One block from the Powell-Mason and Powell-Hyde cable car lines, which run to Lombard Street and Ghirardelli Square or to the kid-friendly waterfront attractions at Fisherman's Wharf
Far from the Golden Gate Bridge and the Presidio, Golden Gate Park and Haight-Ashbury, but then so are most hotels
Tip: For discount theater tickets, you can buy day-of seats for select shows at the Union Square ticket kiosk
Tip: If you want to avoid high-end hotel food and chain restaurants like the Cheesecake Factory that surround Union Square, walk about 15 minutes toward Nob Hill where there is an abundance of excellent, locally owned restaurants
30-minute taxi from San Francisco International Airport
The smaller-than-average rooms feel a bit cramped, but they all have modern electronics, including HD TVs, and comfortable beds.
A Club Room
Standard rooms (about 228 square feet) are a bit small compared with the standard rooms at other hotels in San Francisco but still have enough room for either one king-size bed or two double-size beds. (Double-Double Rooms can feel especially cramped.)
Bay windows; great views of the city, including views of the Transamerica Pyramid from the higher floors. (Rooms above the 20th floor are more expensive.)
Comfortable beds: four down pillows; down comforters and duvets
The 31st-floor Executive Club lounge (available to guests who upgrade to the more expensive club-floor rooms) features free continental breakfast on weekdays and evening snacks, cocktails, and desserts Sunday through Thursday.
Large, well-maintained, 24-hour fitness center (free for guests to access) with tons of equipment, including six treadmills, eight elipticals, two bikes, a good selection of weight machines, free weights, and a sauna
Wi-Fi (extra fee) is available both in the rooms and in the lobby (though, in the lobby, connection was spotty).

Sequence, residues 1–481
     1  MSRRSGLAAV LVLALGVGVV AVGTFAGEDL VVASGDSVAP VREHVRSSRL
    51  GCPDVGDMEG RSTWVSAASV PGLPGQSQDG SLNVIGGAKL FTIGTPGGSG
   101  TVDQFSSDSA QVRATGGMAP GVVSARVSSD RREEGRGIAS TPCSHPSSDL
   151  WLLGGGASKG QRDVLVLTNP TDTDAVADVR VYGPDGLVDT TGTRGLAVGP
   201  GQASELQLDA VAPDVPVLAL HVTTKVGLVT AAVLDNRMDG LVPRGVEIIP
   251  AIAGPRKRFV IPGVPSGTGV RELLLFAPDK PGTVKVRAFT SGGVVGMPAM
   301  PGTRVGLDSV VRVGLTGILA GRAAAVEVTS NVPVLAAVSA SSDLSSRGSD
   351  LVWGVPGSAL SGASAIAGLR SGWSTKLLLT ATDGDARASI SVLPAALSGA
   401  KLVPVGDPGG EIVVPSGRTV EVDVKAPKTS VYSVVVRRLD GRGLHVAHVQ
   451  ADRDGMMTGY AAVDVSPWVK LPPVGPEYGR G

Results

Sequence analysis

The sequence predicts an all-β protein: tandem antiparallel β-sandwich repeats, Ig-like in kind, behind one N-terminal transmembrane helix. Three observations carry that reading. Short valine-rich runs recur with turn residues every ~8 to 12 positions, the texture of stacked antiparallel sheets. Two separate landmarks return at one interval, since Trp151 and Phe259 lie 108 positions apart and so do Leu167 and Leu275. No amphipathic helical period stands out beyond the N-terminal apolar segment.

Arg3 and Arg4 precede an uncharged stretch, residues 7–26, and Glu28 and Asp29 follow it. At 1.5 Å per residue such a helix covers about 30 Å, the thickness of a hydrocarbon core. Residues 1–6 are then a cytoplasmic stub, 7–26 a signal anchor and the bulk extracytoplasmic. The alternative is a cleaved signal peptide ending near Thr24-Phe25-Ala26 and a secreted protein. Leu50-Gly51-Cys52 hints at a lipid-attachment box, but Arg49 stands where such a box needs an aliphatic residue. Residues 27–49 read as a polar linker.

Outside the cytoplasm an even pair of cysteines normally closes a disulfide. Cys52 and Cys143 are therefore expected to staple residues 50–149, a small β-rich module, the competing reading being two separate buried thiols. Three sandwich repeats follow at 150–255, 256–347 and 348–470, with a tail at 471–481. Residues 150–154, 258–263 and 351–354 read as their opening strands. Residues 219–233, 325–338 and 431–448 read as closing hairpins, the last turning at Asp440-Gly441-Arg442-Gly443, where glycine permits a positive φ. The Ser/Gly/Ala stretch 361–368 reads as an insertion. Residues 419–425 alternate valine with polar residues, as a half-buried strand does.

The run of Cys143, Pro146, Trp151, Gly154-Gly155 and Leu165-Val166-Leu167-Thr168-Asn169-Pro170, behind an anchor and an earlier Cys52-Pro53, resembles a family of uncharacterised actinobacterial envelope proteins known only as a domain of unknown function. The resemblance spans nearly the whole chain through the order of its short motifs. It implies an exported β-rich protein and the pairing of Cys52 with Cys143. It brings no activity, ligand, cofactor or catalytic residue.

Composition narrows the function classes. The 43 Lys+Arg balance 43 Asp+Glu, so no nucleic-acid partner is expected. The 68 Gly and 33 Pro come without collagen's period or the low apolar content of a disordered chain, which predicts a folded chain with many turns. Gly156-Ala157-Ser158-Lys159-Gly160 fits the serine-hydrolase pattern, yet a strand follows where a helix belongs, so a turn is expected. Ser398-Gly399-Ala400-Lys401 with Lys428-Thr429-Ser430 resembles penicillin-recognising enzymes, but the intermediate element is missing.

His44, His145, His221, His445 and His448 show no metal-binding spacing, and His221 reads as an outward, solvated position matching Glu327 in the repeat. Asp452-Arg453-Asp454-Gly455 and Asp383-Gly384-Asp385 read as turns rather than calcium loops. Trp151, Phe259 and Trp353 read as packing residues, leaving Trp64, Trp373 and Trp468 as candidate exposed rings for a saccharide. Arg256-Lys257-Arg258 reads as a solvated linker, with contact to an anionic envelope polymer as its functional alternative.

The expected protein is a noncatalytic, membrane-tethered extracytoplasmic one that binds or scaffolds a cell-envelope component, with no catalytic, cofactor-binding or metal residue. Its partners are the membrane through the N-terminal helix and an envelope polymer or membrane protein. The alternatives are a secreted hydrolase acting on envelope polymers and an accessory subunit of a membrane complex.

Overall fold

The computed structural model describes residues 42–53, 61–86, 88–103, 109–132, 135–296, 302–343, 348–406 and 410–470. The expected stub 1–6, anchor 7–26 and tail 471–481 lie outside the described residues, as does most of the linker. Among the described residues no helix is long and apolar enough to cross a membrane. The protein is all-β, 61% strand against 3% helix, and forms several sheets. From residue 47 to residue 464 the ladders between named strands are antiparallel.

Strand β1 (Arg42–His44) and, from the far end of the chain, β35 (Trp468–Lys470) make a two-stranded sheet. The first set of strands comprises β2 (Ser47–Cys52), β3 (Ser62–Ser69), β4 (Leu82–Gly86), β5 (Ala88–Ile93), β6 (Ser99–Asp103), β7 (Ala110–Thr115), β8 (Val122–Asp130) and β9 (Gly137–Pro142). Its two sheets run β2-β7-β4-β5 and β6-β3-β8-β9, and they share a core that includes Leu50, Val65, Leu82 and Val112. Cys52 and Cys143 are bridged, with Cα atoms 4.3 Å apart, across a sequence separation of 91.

24-hour business center with six computers and one copier-printer; three more computers and a small printer for guests is also available in the hallway near Smooth.
A small shop sells snacks, drinks, souvenirs, postcards, stamps, and other necessities.
Not the best choice for families -- smaller rooms; no pool; business focused
Other hotels -- like the Handlery Hotel, which has bigger rooms and a pool -- might be a better choice for families who wish to stay in Union Square. For additional options, take a look at our editors' picks for the best kid-friendly hotels in San Francisco.
Double-Double Rooms can sleep up to four people (though the quarters might be a bit tight); connecting rooms are also available.
Rollaway beds, which can fit only in king rooms, are charged per stay.
Kids' menus available at Cityhouse during lunch and dinner
Scuff marks here and there, but overall well maintained
The hallways show some scuffs, but the hotel is otherwise very clean, especially considering the high volume of guests. The rooms and bathrooms were both well cleaned.
The Parc 55's restaurants serve breakfast, lunch, and dinner, but the hotel isn't known for its cuisine.
Lunch at Smooth
There are two restaurants inside the hotel, the independently operated hole-in-the-wall-style Smooth and the more formal Cityhouse restaurant. Though its steakhouse and New-American entrees are priced for it, Cityhouse isn't quite relevant in the hyper-competitive San Francisco dining scene -- it's more popular with guests than locals. The noodle platters at Smooth, however, get decent reviews from locals.
The Cityhouse restaurant serves breakfast, lunch, and dinner; dinner entrees range from San Francisco's signature fish stew, cioppino, to steaks and chops.
The bar at Cityhouse, which operates continuously from day to late night, can be very popular during happy hour and also offers a short menu of burgers, wings, and other bar food (served until midnight).
Smooth is a casual Asian restuarant in, but not operated by, the hotel.
Barbary Coast is a small coffee-and-pastry shop on the ground floor.
Room service breakfast is available for breakfast and dinner with no service in-between the two.